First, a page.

Wednesday, May 21, 2003

Where regulation and markets collide: Interesting, if slightly dated, story I read at the Connie concerning a recent accounting scandal with a British food supply company and its American subsidiary. It seems that energy traders and long-distance carriers aren't the only ones stashing away a few hundred million (or several billion depending) for a rainy day. It works like this: retailers negotiate what amounts to rebates if they purchase and sell a certain target amount of a given product. Assuming the retailer reaches the target, then it gets the rebate. The fun part is that the retailer will usually book the rebate before it receives it. So, what happens if the target isn't met? Well, certainly no rebate is paid, but what about the corporate books? Ahhhh, there is the rub. Anyway, the telling paragraph is at the end:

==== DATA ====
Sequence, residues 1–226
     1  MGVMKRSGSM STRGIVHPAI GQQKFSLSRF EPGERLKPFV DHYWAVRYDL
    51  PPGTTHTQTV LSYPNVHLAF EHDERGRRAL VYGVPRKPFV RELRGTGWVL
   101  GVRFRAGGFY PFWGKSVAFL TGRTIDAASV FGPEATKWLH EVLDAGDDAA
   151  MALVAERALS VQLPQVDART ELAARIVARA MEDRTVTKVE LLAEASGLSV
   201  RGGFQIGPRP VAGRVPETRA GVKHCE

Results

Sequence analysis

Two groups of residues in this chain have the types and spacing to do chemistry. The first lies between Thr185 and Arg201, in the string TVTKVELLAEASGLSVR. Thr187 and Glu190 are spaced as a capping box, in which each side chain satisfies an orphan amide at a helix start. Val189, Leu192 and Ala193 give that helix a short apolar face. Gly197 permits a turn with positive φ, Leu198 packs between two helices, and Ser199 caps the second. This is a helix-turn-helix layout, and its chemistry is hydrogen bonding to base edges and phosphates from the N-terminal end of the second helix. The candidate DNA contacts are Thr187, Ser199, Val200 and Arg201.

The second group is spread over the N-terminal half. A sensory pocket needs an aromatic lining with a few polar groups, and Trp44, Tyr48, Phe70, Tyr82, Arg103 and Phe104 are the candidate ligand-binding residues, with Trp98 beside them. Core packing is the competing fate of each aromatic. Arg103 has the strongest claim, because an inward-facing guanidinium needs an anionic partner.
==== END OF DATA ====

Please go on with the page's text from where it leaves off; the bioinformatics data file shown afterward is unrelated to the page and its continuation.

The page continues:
Lack of transparency makes it difficult to say how much money changes hands, but the sums are huge. Mr Venturi reckons that a big manufacturing conglomerate might spend the equivalent of up to 25% of gross sales on “trade promotions” of one form or another. Measured from the other perspective, a typical big European retailer might extract the equivalent of 10% of its total revenues via trade spending. For an individual retailer that often means a sum measured in hundreds of millions. At an industry level billions are at stake.

"Lack of transparency" makes it impossible to say what is going on. Hmmm, where have we heard this before? This lack of transparency is what makes the SEC a necessary evil in our country, but what's worse, is that even with the SEC, it is usually only reactive, not proactive. A band-aid on the femoral artery.


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